The immediate outcome is that traditional political competitive models in the new environment will undergo a profound crisis. Despite the material significance of “big money”, these models were still based on open and rational agenda and implied the responsibility of politicians before elites (the proverbial “upper classes”). Today everything is changing, has already changed to a large extent, but something  else will also change: the key is that at present it is unclear how everything will play out in the near future. However, it is highly likely that any attempts to return to the past will fail.

At the same time, in actual fact the technical aspect of the transformation is being implemented in practice through a revolution in the technical and technological foundation of the information and communications space. These changes impact society, ways and opportunities to manage them, public institutions and even the values being upheld.

Naturally, human nature could not change in such a short period of time. However, the methods used to organise people and opportunities to affect society and the system of relationships changed beyond comparison in previous decades. The forms and methods used to organise public relations through information flows and communications channels not only impacted the intensity of these relations, but also the content that they generated, including the establishment of prevalent values in society. Above all, we have been observing this everywhere recently.

If we put to one side technical aspects, the key development and continuing change is the abrupt decrease in social and institutional barriers for access to the mass information business. Today, in order to publish and make accessible any information content to the broadest audience — reports on actual or imaginary events, and also discussions on practically any topic — there is no need for major financial investments, lobbying or the support of society (neither society as a whole or even individual segments).

Now this is accessible to virtually any individual, even someone with modest means or a minimum level of intellectual development, as demonstrated by the hundreds of millions of users who express their views on a regular basis on social networks and other online platforms.

Such democratisation of the information and communications space results brings it closer to the expression of spontaneous mass consciousness. As a rule, the new platforms and channels have no filters, and if there are any, then they are partly or fully circumvented by anyone interested in doing so.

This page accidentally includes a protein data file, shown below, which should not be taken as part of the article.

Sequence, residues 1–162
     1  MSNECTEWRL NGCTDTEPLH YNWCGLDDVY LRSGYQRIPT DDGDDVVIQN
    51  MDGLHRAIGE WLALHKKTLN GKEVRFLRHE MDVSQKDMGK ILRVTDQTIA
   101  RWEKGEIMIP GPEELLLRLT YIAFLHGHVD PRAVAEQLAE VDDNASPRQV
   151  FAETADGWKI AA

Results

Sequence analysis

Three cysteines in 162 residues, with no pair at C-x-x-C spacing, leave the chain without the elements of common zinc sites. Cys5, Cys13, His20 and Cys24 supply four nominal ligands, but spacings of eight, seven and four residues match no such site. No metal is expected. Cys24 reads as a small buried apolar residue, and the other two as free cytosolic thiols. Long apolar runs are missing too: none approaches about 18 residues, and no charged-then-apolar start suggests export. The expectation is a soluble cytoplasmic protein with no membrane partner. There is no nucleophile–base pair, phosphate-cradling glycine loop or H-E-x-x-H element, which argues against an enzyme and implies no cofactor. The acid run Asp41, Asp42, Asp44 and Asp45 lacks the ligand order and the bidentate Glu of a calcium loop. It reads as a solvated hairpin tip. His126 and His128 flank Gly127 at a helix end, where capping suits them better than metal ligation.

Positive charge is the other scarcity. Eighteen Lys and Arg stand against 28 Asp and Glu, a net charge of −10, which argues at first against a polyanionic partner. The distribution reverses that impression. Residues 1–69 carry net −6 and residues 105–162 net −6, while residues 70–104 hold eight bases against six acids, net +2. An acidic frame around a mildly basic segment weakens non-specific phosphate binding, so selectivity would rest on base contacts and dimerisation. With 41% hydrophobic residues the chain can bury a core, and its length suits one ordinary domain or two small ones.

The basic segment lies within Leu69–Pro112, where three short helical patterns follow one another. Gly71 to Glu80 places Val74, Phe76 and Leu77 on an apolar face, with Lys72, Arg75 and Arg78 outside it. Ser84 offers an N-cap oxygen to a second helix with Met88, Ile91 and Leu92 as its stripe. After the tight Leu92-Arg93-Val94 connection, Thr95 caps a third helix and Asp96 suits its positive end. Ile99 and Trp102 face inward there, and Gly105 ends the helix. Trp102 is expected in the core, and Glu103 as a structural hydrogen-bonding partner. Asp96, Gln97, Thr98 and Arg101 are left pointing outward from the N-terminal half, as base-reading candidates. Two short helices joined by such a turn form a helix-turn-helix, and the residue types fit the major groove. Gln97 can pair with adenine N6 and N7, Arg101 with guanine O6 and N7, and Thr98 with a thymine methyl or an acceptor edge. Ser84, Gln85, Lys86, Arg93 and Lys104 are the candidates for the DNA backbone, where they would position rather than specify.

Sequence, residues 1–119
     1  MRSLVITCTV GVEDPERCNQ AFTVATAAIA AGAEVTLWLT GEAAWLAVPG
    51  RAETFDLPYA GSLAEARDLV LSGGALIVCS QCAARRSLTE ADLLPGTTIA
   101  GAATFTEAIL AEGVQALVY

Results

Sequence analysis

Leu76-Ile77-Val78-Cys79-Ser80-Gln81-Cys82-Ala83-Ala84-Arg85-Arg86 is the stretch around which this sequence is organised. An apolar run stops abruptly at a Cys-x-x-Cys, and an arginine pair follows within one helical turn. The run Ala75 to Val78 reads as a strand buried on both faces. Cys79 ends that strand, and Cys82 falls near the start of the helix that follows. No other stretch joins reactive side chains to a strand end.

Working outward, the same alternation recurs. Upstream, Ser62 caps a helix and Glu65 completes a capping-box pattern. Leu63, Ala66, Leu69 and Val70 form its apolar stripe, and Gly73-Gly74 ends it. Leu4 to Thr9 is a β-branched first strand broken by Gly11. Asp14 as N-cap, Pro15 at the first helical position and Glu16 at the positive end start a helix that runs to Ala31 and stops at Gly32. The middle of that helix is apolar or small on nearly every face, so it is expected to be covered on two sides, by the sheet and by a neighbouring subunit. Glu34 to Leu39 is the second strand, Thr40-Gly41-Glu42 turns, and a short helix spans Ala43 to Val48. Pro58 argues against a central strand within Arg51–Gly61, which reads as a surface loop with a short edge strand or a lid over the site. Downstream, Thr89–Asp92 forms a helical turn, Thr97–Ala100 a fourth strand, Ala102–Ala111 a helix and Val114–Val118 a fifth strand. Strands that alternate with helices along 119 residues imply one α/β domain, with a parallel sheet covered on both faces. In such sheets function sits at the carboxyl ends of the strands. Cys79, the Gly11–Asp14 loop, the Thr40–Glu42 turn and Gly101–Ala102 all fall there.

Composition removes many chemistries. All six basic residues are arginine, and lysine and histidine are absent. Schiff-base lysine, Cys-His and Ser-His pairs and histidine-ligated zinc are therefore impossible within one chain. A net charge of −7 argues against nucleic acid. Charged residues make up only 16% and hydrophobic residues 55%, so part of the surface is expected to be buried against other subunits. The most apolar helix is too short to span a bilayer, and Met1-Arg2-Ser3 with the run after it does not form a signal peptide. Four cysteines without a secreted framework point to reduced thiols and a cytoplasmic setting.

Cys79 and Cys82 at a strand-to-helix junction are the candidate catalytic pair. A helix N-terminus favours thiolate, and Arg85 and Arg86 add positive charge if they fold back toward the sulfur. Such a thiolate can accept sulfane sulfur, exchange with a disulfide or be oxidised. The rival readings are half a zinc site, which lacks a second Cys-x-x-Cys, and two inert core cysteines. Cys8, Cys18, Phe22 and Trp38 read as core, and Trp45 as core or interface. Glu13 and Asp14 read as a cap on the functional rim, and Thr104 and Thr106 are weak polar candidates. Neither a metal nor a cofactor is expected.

And whereas in the past only people screened from a social and cultural perspective regarding their compliance with established requirements would be able to do so, today virtually anyone may can present content to an anonymous audience and will definitely find a consumer.
The underlying causes can be found not only in the development of information technologies. Traditional mass media, political structures and politicians have been more than willing to adopt the ideas of the new media formats, and have used them to popularise and broadcast their views to the masses. In particular, the elites have toyed for a long time with populist slogans and promises. The problem is not only that politicians made promises, but did not keep them (like the promise of former British Prime Minister David Cameron to cut immigration). They fed populism and used it to attain their goals and win elections: Cameron himself exploited for a long time the promise to conduct a Brexit referendum as a populist lure for the electorate. At the time, this might have looked like the right move, “going with the flow” and testing out new trends. In the end, however, everything crystallised for Great Britain into a big and dangerous problem: the prospects of actually exiting the EU without any agreement on economic relations.

Owing to the lack of boundaries and filters, this inevitably results in the fact that qualitatively content reflecting the interests, preferences and perceptions of the biggest segment of the population and a corresponding conceptual framework is prioritised. It goes without saying that in principle such a phenomenon cannot be called new in history: to all intents and purposes, it does not differ in any way from the spontaneous exchange of information, rumours and fabrications in markets in mediaeval times or in  public houses and  taverns in subsequent centuries. However, the volume of flows of mass consciousness and possible outreach to an audience in the new formats exceeds corresponding parameters of their historical counterparts many times over, if not by an even greater magnitude.